3 Practical Tips for Beginners Learning Russian

The reputation of Russian grammar proceeds it. It’s known for being especially complex, and at times even unpredictable. Thus many students list the Russian language among some of the most difficult foreign languages to learn.

If you’re thinking about learning Russian, don’t let the gossip and hearsay steal the wind from your sails. There are some very practical ways you can overcome the common difficulties of the language and learn it proficiently.

In this post we take a look at three highly practical tips to help you tame the beast that is Russian grammar.

1) Take the Case System Step by Step

When I began learning Russian I thought its grammatical case system was the bane of my existence. For those who don’t know Russian, nouns will take on different forms based on their function within a given sentence. This means if a noun is the subject it will look one way. If it’s a direct object it will take a different form.

There are a total of six different Russian cases, which means that Russian nouns are always changing! This can feel debilitating when trying to carry on a basic conversation. A great way to ease the tension and learn the cases in a way that’s natural and memorable, is to simply learn them one at a time.

Start with one case and practice making sentences with it. Once you’re comfortable with the word endings in that case move on to the next one. At first this process might appear to slow down your progress (especially your speaking ability), but in the long run it will leave you with a rock solid foundation in the Russian case system; which is a fundamental concept in the language.

2) Focus on Specific Verb Forms

Russian verbs are conjugated, meaning that they change form to show things like person, number, and tense. If you’ve taken Spanish or French then this concept will look familiar. If you’re completely new to the idea then it may take some getting used to. A Russian verb has a “regular” or dictionary form (also called the infinitive), and it will also take six other forms based on the person(s) performing the action. Thus for the Russian verb “to work” (Работать), you will have a different version for “I work” (работаю), “You work” (работаешь), “He/she works” (работает), “we work” (работаем), and so on.

Technically speaking English verbs are also conjugated, just not in the same way as in Russian. One of the biggest challenges of using Russian verbs is remembering the correct conjugation. Unfortunately you can’t reliably predict the conjugation of a Russian verb based on it’s dictionary form, because they don’t follow any specific pattern.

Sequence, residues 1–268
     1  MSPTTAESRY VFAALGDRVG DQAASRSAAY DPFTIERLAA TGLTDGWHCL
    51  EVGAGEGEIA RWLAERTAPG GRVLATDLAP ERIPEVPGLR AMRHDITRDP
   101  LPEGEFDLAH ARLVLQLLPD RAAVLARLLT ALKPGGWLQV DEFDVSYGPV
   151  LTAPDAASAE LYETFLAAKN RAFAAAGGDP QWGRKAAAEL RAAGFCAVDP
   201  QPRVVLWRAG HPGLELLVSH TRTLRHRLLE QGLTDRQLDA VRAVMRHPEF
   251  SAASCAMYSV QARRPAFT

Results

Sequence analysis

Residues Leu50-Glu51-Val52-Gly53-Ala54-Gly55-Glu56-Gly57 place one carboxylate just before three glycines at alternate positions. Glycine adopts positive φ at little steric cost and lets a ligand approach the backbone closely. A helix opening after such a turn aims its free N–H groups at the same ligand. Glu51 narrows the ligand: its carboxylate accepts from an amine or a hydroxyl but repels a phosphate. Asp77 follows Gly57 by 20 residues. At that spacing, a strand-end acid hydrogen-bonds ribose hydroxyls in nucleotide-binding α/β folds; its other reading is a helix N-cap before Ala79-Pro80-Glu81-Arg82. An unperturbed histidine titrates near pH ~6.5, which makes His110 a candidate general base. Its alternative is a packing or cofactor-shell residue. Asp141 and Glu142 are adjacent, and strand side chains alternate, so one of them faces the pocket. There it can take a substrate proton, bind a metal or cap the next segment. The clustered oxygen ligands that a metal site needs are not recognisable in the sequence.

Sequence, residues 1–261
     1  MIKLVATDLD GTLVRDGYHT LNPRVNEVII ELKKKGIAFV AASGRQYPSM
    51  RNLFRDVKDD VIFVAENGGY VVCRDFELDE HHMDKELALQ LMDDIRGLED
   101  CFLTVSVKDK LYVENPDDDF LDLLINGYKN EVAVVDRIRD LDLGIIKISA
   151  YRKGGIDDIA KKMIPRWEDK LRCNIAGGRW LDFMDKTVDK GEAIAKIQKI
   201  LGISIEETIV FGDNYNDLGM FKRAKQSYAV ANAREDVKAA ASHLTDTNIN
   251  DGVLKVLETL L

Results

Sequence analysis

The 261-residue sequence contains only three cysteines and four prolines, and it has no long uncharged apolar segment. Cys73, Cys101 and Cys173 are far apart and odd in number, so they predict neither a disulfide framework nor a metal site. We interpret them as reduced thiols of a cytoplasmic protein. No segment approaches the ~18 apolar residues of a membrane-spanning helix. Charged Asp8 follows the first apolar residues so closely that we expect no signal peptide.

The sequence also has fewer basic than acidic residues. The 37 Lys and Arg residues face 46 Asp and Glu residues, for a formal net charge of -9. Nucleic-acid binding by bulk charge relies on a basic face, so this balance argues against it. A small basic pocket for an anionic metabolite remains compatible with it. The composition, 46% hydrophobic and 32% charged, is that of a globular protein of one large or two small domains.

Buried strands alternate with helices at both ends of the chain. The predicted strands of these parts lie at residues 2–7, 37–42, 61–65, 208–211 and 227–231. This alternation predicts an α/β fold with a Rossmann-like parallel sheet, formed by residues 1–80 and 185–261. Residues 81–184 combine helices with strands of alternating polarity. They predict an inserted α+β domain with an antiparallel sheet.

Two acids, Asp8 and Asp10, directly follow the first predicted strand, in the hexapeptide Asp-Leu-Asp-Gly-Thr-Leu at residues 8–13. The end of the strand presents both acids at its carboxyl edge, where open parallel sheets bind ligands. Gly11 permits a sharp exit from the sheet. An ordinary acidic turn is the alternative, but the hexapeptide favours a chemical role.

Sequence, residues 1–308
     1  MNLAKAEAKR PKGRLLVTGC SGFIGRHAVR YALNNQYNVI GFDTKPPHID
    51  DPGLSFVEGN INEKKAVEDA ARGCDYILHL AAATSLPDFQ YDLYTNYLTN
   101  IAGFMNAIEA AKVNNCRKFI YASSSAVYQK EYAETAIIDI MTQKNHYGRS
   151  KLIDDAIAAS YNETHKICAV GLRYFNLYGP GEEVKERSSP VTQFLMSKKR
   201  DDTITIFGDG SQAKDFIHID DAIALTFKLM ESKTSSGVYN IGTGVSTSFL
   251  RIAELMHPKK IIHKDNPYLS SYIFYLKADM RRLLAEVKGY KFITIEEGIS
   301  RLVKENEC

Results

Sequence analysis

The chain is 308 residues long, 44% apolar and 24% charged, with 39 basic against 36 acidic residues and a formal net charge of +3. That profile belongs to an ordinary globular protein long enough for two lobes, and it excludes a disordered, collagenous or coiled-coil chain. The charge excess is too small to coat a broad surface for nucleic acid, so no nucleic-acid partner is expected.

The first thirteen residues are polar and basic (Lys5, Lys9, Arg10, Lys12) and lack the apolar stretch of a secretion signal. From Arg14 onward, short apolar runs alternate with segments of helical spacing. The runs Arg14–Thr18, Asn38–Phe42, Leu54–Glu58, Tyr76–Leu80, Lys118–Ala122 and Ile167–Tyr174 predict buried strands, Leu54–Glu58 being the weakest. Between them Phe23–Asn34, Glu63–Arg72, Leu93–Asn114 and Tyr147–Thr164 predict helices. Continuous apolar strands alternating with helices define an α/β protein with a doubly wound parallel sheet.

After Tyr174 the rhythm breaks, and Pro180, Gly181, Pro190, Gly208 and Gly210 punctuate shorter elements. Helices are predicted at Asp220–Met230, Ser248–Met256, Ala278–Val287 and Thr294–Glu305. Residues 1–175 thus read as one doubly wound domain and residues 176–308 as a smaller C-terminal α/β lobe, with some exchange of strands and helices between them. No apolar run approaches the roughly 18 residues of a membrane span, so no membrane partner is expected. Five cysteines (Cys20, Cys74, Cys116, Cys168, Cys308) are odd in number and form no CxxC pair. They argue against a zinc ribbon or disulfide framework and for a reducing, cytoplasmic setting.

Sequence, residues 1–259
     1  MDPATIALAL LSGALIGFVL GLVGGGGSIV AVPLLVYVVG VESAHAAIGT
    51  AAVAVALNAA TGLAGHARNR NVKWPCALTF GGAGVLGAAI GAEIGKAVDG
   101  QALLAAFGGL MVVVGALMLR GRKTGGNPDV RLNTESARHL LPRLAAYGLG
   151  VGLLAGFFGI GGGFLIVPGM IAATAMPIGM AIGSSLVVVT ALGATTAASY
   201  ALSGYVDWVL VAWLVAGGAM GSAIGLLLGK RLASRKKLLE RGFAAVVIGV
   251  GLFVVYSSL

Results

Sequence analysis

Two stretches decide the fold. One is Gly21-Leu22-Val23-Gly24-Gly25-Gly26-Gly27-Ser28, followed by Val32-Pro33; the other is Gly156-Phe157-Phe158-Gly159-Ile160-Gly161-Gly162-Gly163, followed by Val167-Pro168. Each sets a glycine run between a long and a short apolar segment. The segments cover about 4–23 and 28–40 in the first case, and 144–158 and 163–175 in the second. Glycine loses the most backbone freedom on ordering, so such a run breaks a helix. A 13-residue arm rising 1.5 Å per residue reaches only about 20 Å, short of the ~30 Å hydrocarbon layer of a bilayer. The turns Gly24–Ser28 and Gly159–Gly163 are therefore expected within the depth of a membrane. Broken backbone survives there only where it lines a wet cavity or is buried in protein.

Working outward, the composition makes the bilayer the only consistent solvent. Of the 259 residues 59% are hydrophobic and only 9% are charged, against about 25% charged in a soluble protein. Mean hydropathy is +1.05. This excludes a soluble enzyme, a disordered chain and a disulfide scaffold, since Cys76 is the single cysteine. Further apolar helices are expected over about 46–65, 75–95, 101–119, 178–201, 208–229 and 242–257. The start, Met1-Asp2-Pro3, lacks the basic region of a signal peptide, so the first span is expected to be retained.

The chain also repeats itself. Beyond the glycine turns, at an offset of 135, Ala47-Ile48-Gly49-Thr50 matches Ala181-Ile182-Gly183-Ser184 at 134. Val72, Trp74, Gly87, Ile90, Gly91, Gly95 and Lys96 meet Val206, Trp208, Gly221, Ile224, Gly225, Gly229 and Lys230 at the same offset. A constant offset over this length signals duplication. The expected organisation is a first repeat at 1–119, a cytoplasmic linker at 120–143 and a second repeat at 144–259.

However, this doesn’t mean that for each verb you have commit all six individual conjugations (I, you, he/she, me, you all, they) to memory. Thankfully the “he/she”, “we”, and “you all” forms can be predicted if you know the “I”, “you”, and “they” forms. It’s still a lot to remember, but it does make things easier but cutting the necessary information in half!

3) Learn Hard and Soft Letters

Nouns, verbs, and pronouns change constantly in Russian. The endings they take often depend on whether or not the word ends with a soft or hard letter. In the Russian language you have a group of hard consonants as well as soft consonants. This goes for vowels as well.

The distinguishing factor of a hard or soft Russian letter is determined by how it is pronounced. The difference can seem subtle or even non-existent to a native English speakers. Whether you’re reading or speaking the language, being able to recognize whether or not a particular letter is hard or soft will mean the difference between using the correct word or not.

If you mispronounce a hard or soft letter you may even change the meaning of a word completely. Needless to say knowing how to hear and pronounce hard and soft consonants and vowels is vitally important if you’re serious about learning Russian.

It’s best to practice the hard and soft letters together in their respective pairs. Find a good audio source and compare the hard and soft sounds by listening to a native speaker. It will take a little practice, but after some time the distinction between hard and soft will become second nature.

Final Thoughts

To an English speaker, Russian grammar can feel like a giant enigmatic puzzle. However, if you break down the tougher aspects of the language and focus on the big pain points, the grammar system will lose much of its mystery and the language will begin to really open up for you!

Jesse is an avid language lover and occasional world traveler. In his free time he likes to blog about language learning and play blues guitar.